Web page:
Due to various misinformation around this IIS out-of-band component, I think it’s worth the while to write about its history so you know what others are talking about and how some of them made mistakes.
When Microsoft entered the cloud computing market, it was a big challenge to support non-Microsoft technologies on Windows Server so that this platform can expand its reach to a broader audience.
That effort happened to align with a few important changes on IIS itself, where FastCGI support was added so that PHP applications can be hosted on IIS via that interface in 2006. Zend Technologies Inc. and PHP community were willing to help on PHP for Windows while Microsoft provided support.
While this was a big step forward, soon people discovered the difficulty to extend the excitement to other programming languages. For example, wfastcgi was developed by Microsoft Python team in 2012 to enable FastCGI support for Python. iisnode was developed by Tomasz Janczuk initially in 2012 to enable FastCGI support for Node.js, and later handed over to Microsoft Azure team.
But the FastCGI approach isn’t sustainable, and the story for Ruby, Go, Java, and many more was undone.
Clearly an alternative is to run those non Microsoft technologies on their own application servers, and then IIS/ARR can sit in front as reverse proxy. The popularity of nginx proved that approach for long, but it comes with its own disadvantages,
- The application server is usually running on its own, so you should not expect it to work in your familiar application pool pattern that from time to time the processes are recycled.
- You need complex reverse proxy rules to be defined on IIS side, so that traffic can be properly forwarded to the application server.
- You need to predetermine the port for your application server. It’s not a big deal for your own server which just hosts one or two web apps this way, but what about an enterprise server with hundreds of web apps? It’s not easy to manage the port numbers.
The experience of building FastCGI and ARR gave Microsoft developers enough experience on both sides of the coin, so they came back with a very smart idea and implemented a new component called HttpPlatformHandler.
In general it works as a reverse proxy between IIS and your application server, but it hooks up the reverse proxy rules itself and also determines which port to use. Then all you need is to specify which process should be called with what arguments to launch the application server process. After such simple configuration, this module spins out the application server on demand and recycle it whenever needed. The port number to use is either passed as one of the arguments or via an environment variable.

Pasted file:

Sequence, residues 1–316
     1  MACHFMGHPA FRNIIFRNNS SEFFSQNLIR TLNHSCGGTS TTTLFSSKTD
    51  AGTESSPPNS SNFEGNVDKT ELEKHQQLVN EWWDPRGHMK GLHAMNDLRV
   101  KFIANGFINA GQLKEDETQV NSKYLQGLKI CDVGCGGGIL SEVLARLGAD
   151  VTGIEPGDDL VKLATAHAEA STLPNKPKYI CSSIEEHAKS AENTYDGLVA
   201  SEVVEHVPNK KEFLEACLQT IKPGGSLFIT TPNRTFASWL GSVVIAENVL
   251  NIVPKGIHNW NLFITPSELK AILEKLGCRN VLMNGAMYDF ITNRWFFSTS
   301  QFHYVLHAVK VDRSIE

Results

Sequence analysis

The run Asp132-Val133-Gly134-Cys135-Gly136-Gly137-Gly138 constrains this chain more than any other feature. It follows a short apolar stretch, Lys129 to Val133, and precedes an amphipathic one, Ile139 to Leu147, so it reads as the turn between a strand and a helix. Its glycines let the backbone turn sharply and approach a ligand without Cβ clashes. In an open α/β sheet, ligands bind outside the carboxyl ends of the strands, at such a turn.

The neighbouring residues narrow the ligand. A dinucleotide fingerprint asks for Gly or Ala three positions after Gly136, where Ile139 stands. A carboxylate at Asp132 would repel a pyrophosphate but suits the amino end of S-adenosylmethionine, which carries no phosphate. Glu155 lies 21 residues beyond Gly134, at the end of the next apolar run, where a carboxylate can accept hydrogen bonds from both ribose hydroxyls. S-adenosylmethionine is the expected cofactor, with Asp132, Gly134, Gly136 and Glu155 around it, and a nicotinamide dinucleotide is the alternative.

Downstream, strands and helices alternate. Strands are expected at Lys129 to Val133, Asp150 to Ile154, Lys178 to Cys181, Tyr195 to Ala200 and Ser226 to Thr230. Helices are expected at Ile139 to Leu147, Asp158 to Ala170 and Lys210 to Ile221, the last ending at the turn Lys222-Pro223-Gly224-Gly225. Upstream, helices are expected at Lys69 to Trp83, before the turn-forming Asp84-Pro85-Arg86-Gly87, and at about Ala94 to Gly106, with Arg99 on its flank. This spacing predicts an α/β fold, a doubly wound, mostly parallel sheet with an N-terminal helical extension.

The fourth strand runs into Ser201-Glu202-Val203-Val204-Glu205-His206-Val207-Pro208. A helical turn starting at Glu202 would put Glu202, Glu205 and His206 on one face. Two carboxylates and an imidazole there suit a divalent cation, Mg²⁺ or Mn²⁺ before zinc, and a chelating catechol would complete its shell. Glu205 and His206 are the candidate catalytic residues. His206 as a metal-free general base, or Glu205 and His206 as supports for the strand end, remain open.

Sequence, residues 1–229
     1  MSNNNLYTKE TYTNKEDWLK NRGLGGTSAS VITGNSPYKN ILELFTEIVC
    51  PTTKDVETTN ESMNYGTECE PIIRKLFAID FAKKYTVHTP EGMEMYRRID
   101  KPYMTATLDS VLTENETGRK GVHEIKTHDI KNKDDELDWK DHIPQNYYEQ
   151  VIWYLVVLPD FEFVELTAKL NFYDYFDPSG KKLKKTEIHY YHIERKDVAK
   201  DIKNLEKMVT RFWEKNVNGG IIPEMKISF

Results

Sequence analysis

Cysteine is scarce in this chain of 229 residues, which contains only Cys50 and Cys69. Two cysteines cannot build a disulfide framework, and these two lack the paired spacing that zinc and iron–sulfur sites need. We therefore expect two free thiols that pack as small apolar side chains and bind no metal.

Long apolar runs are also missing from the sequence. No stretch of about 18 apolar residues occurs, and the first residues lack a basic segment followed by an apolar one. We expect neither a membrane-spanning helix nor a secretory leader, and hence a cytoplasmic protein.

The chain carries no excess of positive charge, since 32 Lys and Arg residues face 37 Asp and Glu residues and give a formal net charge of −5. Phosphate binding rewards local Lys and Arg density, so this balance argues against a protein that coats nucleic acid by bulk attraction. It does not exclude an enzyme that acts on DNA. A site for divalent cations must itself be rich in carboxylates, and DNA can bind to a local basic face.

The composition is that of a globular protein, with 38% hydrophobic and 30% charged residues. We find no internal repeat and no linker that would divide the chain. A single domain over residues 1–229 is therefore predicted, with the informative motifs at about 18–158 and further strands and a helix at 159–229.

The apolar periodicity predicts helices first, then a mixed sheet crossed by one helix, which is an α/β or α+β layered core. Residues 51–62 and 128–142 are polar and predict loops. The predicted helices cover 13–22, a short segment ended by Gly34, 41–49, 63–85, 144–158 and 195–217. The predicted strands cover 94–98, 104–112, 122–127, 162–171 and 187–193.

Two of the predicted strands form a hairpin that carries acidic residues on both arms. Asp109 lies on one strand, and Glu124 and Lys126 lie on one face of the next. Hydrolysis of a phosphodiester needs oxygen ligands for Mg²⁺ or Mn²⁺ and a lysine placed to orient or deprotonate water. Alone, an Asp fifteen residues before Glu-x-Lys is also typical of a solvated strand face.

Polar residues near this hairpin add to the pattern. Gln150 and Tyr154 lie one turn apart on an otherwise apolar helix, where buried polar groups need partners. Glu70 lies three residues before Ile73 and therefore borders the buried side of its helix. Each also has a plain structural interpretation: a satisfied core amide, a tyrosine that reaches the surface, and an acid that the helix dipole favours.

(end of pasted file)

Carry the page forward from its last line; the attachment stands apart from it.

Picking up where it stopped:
The simplicity of this design makes the module a great success, as you no longer need any specific FastCGI bits or ISAPI modules. All you need is just the very simple HttpPlatformHandler configuration snippet and it works for almost all modern web stacks.
Initially this was used by Microsoft Azure Websites to host Java web apps, and later released as a separate download for IIS in 2015.
Naturally when Microsoft designed ASP.NET Core, HttpPlatformHandler was chosen to be the integration point. However, the more features ported from ASP.NET 4.x, the more gaps identified that HttpPlatformHandler cannot fulfill all the needs.
ASP.NET 4.x has so tight an integration mode with IIS (if you read about the integrated pipeline), that a dedicated IIS module must be developed upon HttpPlatformHandler to support most of the features and enable a smooth migration path. Of course, this new module is now known as ASP.NET Core module for IIS.
Almost all misinformation today can be traced back to this announcement made by the ASP.NET Core team on GitHub. Readers without knowing the entire background or reading the announcement carefully can easily assume that they shouldn’t use HttpPlatformHandler, but switch to ASP.NET Core module. But you can see how wrong that assumption is.
HttpPlatformHandler is still fully supported by Microsoft, and has been upgraded to support all latest Windows releases. If you are hosting Python/Ruby/Go/Java/Node.js applications on IIS, give it a try and feel how simple it is to set up everything around it.
HttpPlatformHandler is also enabled on Azure App Service (Windows) by default, so if you have tested your web apps on your own IIS server, you can confidently host them on Azure App Service without many changes on configuration.
I also created the necessary PowerShell scripts to help you enable HttpPlatformHandler on IIS Express if you want to give it a try. You can find them on my GitHub repository.